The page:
As we’ve previously discussed, testosterone also plays an important role in female biology. In particular, testosterone impacts female muscle mass and fat distribution, red blood cell production, fertility, and sex drive. In healthy women who are not on hormonal birth control, both too high or too low levels of testosterone are unlikely. Definitions of normal testosterone levels in women are not standardized, but in general, less than 15 ng/dl would be considered low and greater than 90 ng/dl would be high [5]. Women’s normal levels, then, are roughly 1/10th of normal levels for men. However, women’s testosterone levels can prove difficult to measure accurately because many testosterone lab tests simply aren’t sensitive enough to provide accurate values [6]. 

What causes low testosterone in women?

As in men, women’s testosterone levels will gradually decrease as they age. Occasionally, pituitary gland disorders will lead to low testosterone in young women. Unfortunately, many women of reproductive age take prescription medication that reduces their testosterone levels: hormonal birth control. The synthetic hormones in hormonal birth control have been shown to tank women’s testosterone levels [7], potentially manifesting as decreased sex drive and/or sexual satisfaction, vaginal dryness, and even depression [8]. Fortunately, women have the option of using fertility awareness methods for family planning without the unwelcome physical side effects (or libido-dampening effects) of hormonal birth control. 

How is low testosterone treated in women?

Low testosterone in women is not generally treated, except, as noted in a 2021 commentary in Obstetrics and Gynecology, possibly in “postmenopausal women with hypoactive sexual desire disorder” [9]. Research in this particular group has “shown improvement in symptoms on the order of an increase of two or more sexually satisfying events per month with use of testosterone in physiologic ranges over 24 weeks and the increase holds for naturally and surgically postmenopausal women.”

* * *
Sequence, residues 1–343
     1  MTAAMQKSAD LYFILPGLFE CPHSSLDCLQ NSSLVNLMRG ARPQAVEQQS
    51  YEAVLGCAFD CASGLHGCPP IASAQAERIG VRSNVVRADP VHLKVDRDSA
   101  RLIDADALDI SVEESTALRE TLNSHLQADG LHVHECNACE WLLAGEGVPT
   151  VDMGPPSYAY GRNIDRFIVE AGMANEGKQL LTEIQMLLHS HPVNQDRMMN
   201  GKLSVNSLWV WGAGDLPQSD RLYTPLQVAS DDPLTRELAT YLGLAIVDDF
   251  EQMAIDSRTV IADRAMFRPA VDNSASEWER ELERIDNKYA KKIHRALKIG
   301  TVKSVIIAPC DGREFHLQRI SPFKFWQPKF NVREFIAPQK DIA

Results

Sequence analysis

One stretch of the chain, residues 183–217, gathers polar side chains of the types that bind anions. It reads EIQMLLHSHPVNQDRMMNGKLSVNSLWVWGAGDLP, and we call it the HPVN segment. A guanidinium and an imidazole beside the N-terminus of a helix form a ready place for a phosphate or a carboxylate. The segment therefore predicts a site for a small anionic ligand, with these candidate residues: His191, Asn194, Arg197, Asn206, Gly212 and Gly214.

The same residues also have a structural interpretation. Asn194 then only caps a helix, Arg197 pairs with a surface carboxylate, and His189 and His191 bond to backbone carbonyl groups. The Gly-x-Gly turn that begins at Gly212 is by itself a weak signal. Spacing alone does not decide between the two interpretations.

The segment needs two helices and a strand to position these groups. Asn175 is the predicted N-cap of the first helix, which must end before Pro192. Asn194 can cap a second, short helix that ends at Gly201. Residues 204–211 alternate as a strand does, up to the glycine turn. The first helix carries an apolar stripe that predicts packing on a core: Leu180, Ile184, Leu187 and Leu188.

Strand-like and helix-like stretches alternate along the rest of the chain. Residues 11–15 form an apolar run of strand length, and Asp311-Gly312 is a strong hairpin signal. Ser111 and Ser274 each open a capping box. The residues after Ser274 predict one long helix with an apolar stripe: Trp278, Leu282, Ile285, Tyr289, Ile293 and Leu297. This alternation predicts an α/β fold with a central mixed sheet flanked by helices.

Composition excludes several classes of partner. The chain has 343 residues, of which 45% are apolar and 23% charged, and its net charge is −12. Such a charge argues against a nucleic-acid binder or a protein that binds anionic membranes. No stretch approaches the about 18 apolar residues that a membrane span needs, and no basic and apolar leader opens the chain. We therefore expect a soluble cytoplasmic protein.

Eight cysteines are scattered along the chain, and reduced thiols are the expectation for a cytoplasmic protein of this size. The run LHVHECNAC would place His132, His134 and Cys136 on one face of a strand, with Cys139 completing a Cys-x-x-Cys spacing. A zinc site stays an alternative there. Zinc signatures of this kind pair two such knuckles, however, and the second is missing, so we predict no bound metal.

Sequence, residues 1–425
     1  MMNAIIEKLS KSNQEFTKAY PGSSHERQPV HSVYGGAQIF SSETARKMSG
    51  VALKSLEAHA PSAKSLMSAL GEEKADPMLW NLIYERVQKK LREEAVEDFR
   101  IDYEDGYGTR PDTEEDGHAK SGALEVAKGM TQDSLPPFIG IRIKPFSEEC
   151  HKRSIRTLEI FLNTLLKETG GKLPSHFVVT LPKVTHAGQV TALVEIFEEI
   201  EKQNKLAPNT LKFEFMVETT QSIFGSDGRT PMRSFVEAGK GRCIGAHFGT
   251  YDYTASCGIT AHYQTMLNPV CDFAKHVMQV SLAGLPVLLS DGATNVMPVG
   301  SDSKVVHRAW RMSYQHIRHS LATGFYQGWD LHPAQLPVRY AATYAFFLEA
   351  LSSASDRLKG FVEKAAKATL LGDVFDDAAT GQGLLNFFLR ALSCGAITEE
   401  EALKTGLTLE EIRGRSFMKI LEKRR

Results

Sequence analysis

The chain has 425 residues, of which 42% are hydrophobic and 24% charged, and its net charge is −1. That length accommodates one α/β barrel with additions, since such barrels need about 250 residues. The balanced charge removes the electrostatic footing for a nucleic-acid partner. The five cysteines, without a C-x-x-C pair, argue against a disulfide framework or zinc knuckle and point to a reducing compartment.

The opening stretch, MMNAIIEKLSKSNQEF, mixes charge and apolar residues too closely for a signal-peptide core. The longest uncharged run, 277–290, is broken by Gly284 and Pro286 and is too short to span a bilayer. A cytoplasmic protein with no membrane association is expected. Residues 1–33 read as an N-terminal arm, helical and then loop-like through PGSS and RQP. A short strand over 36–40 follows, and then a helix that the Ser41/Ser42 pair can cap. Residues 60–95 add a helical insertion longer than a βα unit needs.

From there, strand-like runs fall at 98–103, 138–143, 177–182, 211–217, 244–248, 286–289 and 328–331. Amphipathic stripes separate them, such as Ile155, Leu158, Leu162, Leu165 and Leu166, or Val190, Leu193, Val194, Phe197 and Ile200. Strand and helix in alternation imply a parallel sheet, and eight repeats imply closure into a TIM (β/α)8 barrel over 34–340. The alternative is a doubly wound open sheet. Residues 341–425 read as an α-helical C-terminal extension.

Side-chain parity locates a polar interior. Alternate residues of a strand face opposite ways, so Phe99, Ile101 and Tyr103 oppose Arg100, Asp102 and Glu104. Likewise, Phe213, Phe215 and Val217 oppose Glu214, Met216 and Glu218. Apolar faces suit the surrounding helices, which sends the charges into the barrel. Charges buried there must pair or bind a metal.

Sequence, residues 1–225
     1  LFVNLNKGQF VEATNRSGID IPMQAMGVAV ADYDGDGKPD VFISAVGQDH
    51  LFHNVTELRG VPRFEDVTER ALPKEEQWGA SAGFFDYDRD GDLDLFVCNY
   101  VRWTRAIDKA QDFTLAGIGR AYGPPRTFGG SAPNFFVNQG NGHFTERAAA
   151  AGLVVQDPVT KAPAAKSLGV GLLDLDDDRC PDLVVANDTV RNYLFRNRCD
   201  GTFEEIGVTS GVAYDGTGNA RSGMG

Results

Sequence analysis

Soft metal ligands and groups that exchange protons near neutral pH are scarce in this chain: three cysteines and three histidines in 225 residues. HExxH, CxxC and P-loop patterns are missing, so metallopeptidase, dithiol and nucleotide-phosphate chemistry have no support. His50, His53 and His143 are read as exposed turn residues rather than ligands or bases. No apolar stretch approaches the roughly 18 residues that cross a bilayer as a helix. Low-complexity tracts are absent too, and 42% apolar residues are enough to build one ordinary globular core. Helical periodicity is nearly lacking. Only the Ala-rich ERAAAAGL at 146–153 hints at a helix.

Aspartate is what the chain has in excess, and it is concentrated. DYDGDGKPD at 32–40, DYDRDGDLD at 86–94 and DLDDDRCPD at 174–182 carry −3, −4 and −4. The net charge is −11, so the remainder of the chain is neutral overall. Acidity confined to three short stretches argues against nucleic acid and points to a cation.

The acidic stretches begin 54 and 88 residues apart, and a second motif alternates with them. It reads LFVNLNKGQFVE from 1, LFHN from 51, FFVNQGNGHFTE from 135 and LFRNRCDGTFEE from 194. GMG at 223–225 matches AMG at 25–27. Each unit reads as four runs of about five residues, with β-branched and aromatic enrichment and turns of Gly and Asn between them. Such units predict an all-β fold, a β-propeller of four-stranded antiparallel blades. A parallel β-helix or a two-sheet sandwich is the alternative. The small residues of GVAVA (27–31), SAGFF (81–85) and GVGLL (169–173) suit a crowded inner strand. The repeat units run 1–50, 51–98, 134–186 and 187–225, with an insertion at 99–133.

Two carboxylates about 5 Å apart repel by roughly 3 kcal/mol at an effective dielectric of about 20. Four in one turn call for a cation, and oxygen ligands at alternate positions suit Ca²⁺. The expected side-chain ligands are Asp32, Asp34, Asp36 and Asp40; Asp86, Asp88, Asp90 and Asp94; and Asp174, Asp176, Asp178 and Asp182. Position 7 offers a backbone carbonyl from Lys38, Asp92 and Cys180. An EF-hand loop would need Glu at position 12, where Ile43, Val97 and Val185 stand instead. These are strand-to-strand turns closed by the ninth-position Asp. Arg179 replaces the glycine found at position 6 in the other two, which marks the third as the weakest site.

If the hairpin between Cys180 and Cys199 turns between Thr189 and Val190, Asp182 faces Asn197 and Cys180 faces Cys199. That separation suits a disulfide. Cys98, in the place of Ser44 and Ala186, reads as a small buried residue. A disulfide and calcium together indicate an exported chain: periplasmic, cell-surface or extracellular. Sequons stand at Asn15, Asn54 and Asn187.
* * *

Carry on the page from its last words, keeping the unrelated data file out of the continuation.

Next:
What causes high testosterone in women?

The single most common cause of excess testosterone in women is polycystic ovary syndrome (PCOS), which occurs in an estimated 6-10% of pre-menopausual women and is a leading cause of infertility. The insulin resistance that is part and parcel of PCOS leads to increased testosterone production, yielding systemic symptoms like the male-pattern hair growth (i.e., facial, chest, and abdominal hair growth) known as hirsutism. In the ovaries, too much testosterone leads to formation of many follicular cysts, which in turn cause excess estrogen production. Excess estrogen, known as estrogen dominance, negatively impacts ovulation. Eventually, women with estrogen dominance may completely cease ovulating, leading to infertility. Fortunately, dietary changes as well as certain medications and supplements can often help reverse insulin resistance and its downstream impacts in the body. Less likely causes of high testosterone levels in women are ovarian or adrenal tumors [10], or disorders of sexual development (DSD).

The risks of using “gender-affirming” testosterone protocols in females

In the last few years, “gender-affirming hormone therapy” has significantly grown in popularity. The primary goal of these protocols is to make the biologically female body exhibit more of the physical traits of biological males, and it is achieved through the administration of high doses of testosterone. There’s been remarkably little research done on the side effects biological females may experience after undergoing these protocols (especially the long-term side effects), though logic suggests that they can expect the potential consequences of testosterone supplementation in males that we covered above.